If you worry about what healthcare will be like when you get older, read on. A new report is out that shows Americans spend twice as much as residents of other developed countries on healthcare, but get lower quality. In 2007, health spending was $7,290 per person in the United States, more than double that of any other country in the survey. Australians spent $3,357, Canadians $3,895, Germans $3,588, the Netherlands $3,837 and Britons spent $2,992 per capita on health in 2007. New Zealand spent the least at $2,454. The quality of care as measured on general quality, efficiency, access to care, equity and the ability to lead long, healthy, productive lives. Britain ranks first in quality while the Netherlands ranked first overall on all scores. U.S. patients with chronic conditions were the most likely to say they had gotten the wrong drug or had to wait to learn of abnormal test results.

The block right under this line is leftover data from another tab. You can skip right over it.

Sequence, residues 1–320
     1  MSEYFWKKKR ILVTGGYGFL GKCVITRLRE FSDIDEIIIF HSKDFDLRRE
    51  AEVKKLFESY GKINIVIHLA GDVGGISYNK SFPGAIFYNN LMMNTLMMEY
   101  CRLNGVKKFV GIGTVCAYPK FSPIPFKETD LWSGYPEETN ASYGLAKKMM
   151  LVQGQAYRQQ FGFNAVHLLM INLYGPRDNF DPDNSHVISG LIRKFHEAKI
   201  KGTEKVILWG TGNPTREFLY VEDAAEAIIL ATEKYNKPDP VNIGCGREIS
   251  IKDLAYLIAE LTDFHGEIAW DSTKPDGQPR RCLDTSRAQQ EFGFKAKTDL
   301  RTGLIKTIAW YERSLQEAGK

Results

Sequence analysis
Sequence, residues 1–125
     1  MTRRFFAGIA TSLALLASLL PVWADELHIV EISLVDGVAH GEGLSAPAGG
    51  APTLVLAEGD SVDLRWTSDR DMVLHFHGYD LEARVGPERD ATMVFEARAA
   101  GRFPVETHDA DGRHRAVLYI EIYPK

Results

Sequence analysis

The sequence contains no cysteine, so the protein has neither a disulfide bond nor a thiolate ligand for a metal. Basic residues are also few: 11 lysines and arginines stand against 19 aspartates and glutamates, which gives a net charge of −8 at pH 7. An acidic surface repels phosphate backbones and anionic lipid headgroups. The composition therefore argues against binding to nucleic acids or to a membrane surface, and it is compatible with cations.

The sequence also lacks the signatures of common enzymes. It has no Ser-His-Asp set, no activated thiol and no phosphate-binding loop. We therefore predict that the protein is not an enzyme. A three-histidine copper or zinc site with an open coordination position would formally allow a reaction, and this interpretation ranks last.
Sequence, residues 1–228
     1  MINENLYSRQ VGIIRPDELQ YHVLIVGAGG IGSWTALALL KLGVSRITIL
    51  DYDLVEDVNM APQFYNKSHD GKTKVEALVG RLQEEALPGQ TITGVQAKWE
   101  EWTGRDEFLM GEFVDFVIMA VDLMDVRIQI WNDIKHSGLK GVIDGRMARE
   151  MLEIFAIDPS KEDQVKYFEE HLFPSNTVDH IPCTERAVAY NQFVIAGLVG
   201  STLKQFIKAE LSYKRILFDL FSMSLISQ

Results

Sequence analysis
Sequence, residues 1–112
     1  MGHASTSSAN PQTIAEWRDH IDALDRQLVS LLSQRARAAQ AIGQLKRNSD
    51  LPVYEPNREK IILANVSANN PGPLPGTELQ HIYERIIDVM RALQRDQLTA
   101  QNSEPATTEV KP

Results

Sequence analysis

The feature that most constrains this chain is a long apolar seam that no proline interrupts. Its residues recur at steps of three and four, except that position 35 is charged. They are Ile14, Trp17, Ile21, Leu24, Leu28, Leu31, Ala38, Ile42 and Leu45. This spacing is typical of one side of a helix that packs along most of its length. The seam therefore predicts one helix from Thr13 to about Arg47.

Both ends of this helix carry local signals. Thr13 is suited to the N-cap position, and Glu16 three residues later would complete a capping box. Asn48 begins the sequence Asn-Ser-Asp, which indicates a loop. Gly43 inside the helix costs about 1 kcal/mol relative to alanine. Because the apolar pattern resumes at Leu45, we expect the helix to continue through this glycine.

The reports that show Europeans and Australians in general are healthier than Americans but many blame the U.S. lifestyle as a big factor for poor health. Americans have higher rates of obesity than other developed countries. Also every other system covers all its citizens, the report noted and said the U.S. system, which leaves 46 million Americans or 15 percent of the population without health insurance, is the most unfair. Based on these results, it is imperative that we as individuals do the best we can to keep our weight in check and our health a top priority.